HIV Genotype and Phenotype Testing- Human immunodeficiency virus (HIV) replicates rapidly, particularly in response to antiretroviral (ARV) therapies.
These replications are a result of substitutions in the viral protease, reverse transcriptase, or integrase enzymes which are targeted by various ARV drugs that can lead to drug-resistant mutations (quasi species). These mutations lead to virologic treatment failure.
Because of the rapidity of these replications, highly active antiretroviral therapy (HAART) has been designed to use treatments with multiple mechanisms of action in order to reduce mutations and the development of drug-resistant variants. The drug included in this regimen include, but are not limited to, nucleoside reverse transcriptase inhibitors (NRTIs), nonnucleoside reverse transcriptase inhibitors (NNRTIs), protease inhibitors (PIs), integrase inhibitors, and fusion inhibitors.
The effectiveness of HAART in suppressing HIV replication for prolonged periods has allowed HIV to be considered a chronic, rather than a fatal, disease.
However, drug failure continues to occur because HAART regimens do not completely suppress replication in all cases. Other factors, such as nonadherence, inadequate potency of treatment, or suboptimal drug levels may play a part in drug failure.
Historically, the initiation of, or a change in, ARV therapy has been based on HIV ribonucleic acid (RNA) levels and CD4 cell counts, both of which are essential components of the clinical management of HIV. Because treatment decisions can irrevocably alter an individual’s response to future therapy, clinicians can also utilize genotypic or phenotypic assays as additional clinical tools for selecting safe and efficacious treatment regimens.
HIV phenotype and genotype testing may include genotypic resistance assays, phenotypic resistance assays, or virtual phenotyping.
Genotypic resistance assays
Genotypic resistance assays look for mutations that are present in HIV genes (e.g., reverse transcriptase [RT], protease, fusion, or integrase enzymes). Some assays sequence the entire gene, while others use probes to detect mutations that are known to produce drug resistance.
Advantages of genotyping over phenotyping are a shorter turnaround time (1-2 weeks compared to 2-3 weeks) and lower cost.
Phenotypic resistance assays
Phenotypic resistance assays measure the ability of the virus to replicate in vitro in the presence of an ARV drug. The medical literature, the federal government and medical society guidelines all support the use of HIV genotyping and/or phenotyping to identify drug-resistant viruses and assist with selecting the most appropriate ARV drugs for an individual.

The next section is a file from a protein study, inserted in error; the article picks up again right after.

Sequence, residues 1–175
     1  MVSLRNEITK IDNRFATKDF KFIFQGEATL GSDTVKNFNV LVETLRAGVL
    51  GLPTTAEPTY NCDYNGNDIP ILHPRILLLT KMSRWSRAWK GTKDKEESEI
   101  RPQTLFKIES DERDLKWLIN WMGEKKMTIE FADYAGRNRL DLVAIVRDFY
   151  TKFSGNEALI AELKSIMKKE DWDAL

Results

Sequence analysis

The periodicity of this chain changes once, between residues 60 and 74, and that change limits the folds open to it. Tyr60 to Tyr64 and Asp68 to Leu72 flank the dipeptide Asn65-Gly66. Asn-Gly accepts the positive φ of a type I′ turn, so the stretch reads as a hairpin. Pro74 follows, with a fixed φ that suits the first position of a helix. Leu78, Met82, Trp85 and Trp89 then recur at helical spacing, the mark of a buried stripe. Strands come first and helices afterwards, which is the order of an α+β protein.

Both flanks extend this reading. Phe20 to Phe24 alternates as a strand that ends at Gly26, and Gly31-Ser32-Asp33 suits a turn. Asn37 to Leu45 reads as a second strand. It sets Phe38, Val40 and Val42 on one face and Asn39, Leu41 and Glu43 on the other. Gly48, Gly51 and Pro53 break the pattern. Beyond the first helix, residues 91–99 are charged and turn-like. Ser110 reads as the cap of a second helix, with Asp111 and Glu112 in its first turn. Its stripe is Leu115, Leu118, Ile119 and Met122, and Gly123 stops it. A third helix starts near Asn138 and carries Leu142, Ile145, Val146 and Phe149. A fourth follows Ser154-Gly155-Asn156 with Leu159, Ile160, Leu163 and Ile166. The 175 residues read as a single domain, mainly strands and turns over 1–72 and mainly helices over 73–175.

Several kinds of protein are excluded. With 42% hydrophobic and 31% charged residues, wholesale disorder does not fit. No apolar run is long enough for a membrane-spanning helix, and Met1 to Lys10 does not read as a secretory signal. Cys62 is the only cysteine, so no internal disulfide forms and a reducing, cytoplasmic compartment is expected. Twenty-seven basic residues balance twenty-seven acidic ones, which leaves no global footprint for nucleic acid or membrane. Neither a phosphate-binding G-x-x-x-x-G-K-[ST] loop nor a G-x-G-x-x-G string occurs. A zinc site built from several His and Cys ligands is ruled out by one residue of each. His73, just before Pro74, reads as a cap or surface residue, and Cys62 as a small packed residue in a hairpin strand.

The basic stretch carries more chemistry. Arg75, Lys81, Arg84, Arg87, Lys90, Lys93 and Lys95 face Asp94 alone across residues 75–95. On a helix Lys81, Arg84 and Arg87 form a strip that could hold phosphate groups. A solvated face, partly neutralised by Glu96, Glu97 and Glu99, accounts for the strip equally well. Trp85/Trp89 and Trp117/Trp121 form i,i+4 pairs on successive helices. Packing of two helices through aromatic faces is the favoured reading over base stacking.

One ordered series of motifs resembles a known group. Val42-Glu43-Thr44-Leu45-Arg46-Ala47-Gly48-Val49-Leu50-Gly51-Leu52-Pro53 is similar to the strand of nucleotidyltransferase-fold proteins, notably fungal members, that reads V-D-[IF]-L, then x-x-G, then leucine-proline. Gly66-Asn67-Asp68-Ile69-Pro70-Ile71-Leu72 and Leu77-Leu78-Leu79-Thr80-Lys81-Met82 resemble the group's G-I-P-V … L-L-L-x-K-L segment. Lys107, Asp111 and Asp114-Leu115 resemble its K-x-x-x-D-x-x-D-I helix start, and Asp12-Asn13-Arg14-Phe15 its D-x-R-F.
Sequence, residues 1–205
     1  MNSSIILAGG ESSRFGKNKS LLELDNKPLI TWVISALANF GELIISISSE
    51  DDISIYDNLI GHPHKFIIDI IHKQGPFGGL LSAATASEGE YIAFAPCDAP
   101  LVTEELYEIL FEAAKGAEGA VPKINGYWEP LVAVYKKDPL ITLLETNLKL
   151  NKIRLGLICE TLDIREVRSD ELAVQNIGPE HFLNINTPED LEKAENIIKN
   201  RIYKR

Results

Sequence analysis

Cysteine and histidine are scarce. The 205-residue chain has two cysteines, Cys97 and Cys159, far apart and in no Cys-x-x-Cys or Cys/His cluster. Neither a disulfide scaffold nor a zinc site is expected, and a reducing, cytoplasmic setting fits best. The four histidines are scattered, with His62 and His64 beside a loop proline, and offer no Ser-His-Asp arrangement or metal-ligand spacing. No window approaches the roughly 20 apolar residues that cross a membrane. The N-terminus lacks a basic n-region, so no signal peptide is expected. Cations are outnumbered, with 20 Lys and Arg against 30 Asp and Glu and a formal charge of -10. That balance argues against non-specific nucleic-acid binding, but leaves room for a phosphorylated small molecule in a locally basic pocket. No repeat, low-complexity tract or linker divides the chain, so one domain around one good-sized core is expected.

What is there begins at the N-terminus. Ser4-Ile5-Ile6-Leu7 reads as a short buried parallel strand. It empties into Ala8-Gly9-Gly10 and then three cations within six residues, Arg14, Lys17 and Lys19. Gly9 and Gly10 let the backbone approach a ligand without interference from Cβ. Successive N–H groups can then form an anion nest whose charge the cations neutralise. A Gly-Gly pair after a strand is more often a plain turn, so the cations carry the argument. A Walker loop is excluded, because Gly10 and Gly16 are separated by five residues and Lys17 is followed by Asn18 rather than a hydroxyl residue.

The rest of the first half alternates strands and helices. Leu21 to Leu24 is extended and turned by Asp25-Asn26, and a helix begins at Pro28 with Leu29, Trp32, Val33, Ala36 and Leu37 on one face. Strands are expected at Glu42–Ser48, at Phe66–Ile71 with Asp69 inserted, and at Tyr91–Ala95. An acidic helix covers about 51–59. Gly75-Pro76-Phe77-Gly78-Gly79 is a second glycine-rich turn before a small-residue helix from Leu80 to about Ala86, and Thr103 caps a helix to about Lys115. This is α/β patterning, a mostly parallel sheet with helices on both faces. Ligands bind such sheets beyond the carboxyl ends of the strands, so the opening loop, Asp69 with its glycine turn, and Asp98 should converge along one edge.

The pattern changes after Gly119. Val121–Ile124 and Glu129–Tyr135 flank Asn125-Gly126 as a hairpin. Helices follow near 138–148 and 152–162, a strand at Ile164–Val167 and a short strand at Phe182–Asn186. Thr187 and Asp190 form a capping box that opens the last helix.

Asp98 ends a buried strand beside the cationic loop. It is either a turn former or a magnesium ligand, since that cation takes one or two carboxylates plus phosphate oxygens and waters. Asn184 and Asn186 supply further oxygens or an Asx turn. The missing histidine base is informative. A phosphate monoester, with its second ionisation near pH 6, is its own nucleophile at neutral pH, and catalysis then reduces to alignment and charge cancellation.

Virtual phenotyping is a modified genotypic test that looks for mutations in the genetic structure of the HIV virus. When mutations are found, the information is entered into a database that contains data on thousands of HIV samples. If the genotype of the virus being studied matches a genotype in the database, the assumption is that the phenotype will also match.
Virtual phenotyping is not a direct measure; rather, it is a prediction based on genotypic analysis and database matching. Current clinical practice guidelines do not provide specific guidance about the role of virtual phenotyping in HIV resistance testing.
However, based on current clinical practice, it appears there is correlation between genotypic interpretation and virtual phenotypic results—particularly when the drug(s) used in HAART have been on the market long enough for the correlative database to garner enough matching genotypes and phenotypes to provide accurate phenotypic results.
As a result, the value of virtual phenotyping is limited when evaluating newer and experimental drugs because there are fewer matching genotypes and phenotypes in the correlative database.
Infectious Diseases Society of America (IDSA, 2013) guidelines agree that HIV resistance testing should be done routinely upon initiation of care and/or at the start of
ART therapy initiation as well as in patients experiencing virologic failure:
HIV genotyping is considered medically necessary and, therefore, covered for any of the following:
HIV phenotyping is considered medically necessary and, therefore, covered when genotypic results do not allow for drug selection in either of the following instances:
Not Medically Necessary
HIV genotyping and phenotyping performed at the same time is duplicative and is considered not medically necessary and, therefore, not covered.
For more information about HIV Genotype and Phenotype Testing, please visit WHO
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